My latest Persistence of Vision column for Yahoo! India is about why I think of Martin Scorsese as a kindred spirit first and a great director second. Here goes.
Update: here's the full piece
The great director as permanent student
A long, long time ago, I got my hands on The Variety Book of Movie Lists, a collection of "best-of" listings in numerous categories. The contributors included critics, authors and directors, and most of their lists, as you'd expect, were restricted to ten or fewer films. Neatly selected and pruned, a single list rarely took up more than half a page. But there was one notable exception. Martin Scorsese - designated as "director and film history expert extraordinaire" - blithely named dozens of movies in each category that he contributed to.
His personal selection of noir titles ran to over 60 films, including many B-movies I hadn't even heard of. His list of "Best Colour Films" included nearly 80 movies, spread over three pages. (I soon realised that "best colour films" didn't mean best films that happened to be in colour - in that case, Scorsese's list might have been book-length! - but films that, in his view, made the best use of colour photography.)
Going through these lists told me a few things about the man who had drawn them up. They told me, first, that Scorsese had watched a LOT of films and that he wasn't obsessed with proclaiming favourites or ranking movies "in order of preference" (his lists were alphabetical). Also that he had very wide-ranging tastes and was unapologetic about it: he would put a brassy, big-budget Hollywood studio epic on the same page as an artistically high-minded European avant-garde movie; his choice of horror films from the Hammer Studios included movies that many respectable critics wouldn't even deign to watch.
At the time, the only Scorsese-directed films I had seen were Mean Streets and Taxi Driver (I was into Old Hollywood then, not all this new-fangled - meaning post-1960s - stuff). Both films feature a cameo by the director: in Mean Streets, he plays a hitman who gleefully kisses his gun before shooting Robert De Niro's Johnny Boy in the neck in the violent climax; in Taxi Driver he appears, bearded, sinister, looking vaguely Satanic, as a passenger who makes De Niro's cab-driver stop outside an apartment where (he claims) his wife is cheating on him.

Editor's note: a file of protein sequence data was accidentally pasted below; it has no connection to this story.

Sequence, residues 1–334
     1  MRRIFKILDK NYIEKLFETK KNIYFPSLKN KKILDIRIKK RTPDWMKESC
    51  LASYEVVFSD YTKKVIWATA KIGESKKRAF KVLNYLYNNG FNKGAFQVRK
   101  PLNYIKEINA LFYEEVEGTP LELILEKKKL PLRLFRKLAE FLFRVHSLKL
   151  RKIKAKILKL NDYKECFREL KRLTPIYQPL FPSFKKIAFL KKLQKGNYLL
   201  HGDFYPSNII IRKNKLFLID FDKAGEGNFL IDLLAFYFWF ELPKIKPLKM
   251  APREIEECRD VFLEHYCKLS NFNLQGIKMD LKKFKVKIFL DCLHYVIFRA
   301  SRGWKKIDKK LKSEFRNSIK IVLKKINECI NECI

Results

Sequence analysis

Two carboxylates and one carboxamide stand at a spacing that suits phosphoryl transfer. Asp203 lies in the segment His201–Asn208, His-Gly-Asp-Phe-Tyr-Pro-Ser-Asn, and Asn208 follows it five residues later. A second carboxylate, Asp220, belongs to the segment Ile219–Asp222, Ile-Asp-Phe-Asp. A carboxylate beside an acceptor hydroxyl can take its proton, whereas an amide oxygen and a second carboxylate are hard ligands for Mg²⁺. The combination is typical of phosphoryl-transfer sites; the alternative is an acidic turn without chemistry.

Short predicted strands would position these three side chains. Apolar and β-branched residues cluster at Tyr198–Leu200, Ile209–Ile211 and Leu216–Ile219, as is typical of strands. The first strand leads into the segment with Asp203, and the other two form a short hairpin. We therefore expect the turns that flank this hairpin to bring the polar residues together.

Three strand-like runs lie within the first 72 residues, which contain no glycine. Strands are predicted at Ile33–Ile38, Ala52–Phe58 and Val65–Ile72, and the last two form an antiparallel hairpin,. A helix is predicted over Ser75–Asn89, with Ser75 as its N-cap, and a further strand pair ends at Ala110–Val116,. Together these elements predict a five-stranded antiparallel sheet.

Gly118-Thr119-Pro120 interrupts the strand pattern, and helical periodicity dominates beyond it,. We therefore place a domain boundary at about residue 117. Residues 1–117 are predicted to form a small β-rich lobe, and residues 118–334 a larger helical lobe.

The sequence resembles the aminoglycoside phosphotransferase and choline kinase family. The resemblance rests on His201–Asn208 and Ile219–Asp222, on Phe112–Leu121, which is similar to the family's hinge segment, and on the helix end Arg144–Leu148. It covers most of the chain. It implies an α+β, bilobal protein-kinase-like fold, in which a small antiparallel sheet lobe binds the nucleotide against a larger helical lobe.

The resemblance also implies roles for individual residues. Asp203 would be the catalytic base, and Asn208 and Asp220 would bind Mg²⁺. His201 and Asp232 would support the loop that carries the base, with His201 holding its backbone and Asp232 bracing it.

These two roles were my first glimpses of Scorsese on screen, and they fixed him in my mind as a tough guy who made gritty, violent urban movies about gangsters and psychotic loners (and who presumably wouldn't have much time for the gentler films of an earlier age). But the Scorsese I subsequently discovered - through his interviews and the video introductions he did for various films - was the antithesis of those cameo roles, a kindly, middle-aged man with a seemingly boundless knowledge of film history.
Interestingly, many of the movies that Scorsese loves are movies that most viewers would think of as very un-Scorsese-like. Take Jean Renoir's The River, a beautifully photographed tale about an English girl coming of age, learning about love and loss, in Bengal in the early 1950s. I love the look of this film - particularly its poetic use of dissolves - and I also appreciate that though the main characters are British, it isn't patronizing towards India and Indians (quite an achievement for a foreign film made in that era). But The River is also static in places, heavily dependent on voiceover, and the acting is very uneven. I'm perplexed by Scorsese's unqualified adoration for it.
On my DVD there's a video introduction by Scorsese, who was instrumental in the restoration of the print. He first saw this film at age nine, he tells us, and it was one of his formative experiences as a child. "It was my first experience of a very different culture," he says, adding self-deprecatingly, "My family wasn't well-educated, I didn't know much about other places, but despite my own very different Italian-American background, I identified with these people on the screen, I felt for them."